The five stages of small business development

24 May The five stages of small business development

Back in 1983, the iconic Harvard Business Review published the five developmental stages that still apply to start-ups over 35 years later. Whether your company is launching a new app with minimal staff and infrastructure to consider, or a day-care nursery with over ten employees in a sprawling building, these are the five main life cycles that most small businesses encounter and the obstacles each bring into play.

Existence

In this first stage, businesses are typically small organisations in which the owners do most of the work and directly guide their employees. The company is focussed on building its client base and consistently delivering the services or products on offer.

Survival

In reaching the second stage of business growth, the company has proved that is a viable business. Revenues at this point aren’t capable of funding any significant growth, and making it to the next month is the main goal. Owners continue to be intricately involved in the every-day operations of the business, although a manager may have been appointed by this stage.

Success

Goals have been achieved and a reliable cash flow makes it possible for owners to decide to either use their business to support their lifestyle or to invest profits back into the business to enable further growth. Owners typically hand over even more duties to supervisors or managers for the majority of operational duties.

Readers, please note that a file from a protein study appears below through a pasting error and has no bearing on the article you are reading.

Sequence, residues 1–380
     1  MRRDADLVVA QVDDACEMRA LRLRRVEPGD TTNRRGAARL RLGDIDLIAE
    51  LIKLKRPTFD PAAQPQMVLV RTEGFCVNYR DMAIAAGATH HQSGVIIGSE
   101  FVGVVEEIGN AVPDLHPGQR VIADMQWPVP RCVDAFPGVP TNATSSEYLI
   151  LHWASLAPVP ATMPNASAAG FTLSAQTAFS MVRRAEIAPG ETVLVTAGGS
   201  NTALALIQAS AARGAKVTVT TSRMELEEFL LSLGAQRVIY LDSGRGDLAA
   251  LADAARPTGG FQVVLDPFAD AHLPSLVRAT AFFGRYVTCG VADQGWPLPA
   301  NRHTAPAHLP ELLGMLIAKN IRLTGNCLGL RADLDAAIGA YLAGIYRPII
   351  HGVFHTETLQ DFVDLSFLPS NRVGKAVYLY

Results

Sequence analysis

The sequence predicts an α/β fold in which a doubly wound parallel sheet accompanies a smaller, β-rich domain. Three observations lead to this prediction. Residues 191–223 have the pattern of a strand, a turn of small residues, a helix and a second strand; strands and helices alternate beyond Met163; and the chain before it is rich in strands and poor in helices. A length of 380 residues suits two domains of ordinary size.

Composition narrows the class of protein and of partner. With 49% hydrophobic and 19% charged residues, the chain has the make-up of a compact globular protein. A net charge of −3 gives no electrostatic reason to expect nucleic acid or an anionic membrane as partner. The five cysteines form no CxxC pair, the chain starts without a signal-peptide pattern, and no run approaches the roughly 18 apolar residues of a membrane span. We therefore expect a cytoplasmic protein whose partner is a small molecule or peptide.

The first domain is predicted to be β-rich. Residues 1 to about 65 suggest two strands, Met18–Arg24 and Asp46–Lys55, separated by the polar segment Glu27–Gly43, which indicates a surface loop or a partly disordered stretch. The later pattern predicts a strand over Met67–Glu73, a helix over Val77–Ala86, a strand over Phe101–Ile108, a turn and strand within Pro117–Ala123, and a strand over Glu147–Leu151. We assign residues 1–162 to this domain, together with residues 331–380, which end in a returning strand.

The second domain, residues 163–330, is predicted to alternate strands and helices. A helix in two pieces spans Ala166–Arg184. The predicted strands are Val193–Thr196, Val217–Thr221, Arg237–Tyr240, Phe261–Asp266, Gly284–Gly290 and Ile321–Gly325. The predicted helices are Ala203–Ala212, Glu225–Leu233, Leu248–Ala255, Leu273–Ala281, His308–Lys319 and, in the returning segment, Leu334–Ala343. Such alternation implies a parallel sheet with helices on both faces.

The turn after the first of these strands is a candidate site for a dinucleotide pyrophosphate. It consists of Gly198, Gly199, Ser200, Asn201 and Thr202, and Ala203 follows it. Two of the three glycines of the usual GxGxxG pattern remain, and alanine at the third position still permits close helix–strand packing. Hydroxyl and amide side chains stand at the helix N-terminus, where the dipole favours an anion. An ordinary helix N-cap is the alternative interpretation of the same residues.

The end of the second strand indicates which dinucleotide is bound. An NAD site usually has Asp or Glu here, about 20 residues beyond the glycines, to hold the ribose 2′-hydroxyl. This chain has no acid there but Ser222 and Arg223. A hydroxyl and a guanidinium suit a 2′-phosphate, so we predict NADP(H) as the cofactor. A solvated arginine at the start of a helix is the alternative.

Take off

The main concerns at this stage are not only limited to planning and fast-tracking growth but also establishing how to sustainably generate sufficient revenue to feed that growth. This increase in turnover comes down to an increase in staff, equipment and materials, as well as more effective internal processes.

Maturity

Ownership and management are now wholly separated and decentralised, systems operations are running smoothly. Diversification of products and services is a viable option. It is crucial for established businesses to retain the original entrepreneurial spirit which played such a big role in its original success.

While original and viable business ideas are plentiful, it takes careful and strategic planning through all the phases and life-cycles of your fledgling business to see it through successfully. Owners who are able to identify these phases as they apply to their own businesses, adjusting their focus and scope accordingly, are bound to reap the rewards. As famous French author, Antoine de Saint-Exupéry wrote, “A goal without a plan is just a wish.”

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